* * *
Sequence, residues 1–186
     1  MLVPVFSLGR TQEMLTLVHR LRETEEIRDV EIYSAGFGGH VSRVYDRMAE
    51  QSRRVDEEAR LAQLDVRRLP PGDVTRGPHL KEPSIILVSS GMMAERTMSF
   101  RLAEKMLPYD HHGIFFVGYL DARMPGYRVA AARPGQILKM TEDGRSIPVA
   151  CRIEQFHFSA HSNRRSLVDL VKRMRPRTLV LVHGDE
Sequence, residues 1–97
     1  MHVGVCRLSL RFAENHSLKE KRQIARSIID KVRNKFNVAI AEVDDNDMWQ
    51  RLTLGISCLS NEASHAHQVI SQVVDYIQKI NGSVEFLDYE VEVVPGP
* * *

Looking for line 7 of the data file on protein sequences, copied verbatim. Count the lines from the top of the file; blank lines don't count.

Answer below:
     1  MHVGVCRLSL RFAENHSLKE KRQIARSIID KVRNKFNVAI AEVDDNDMWQ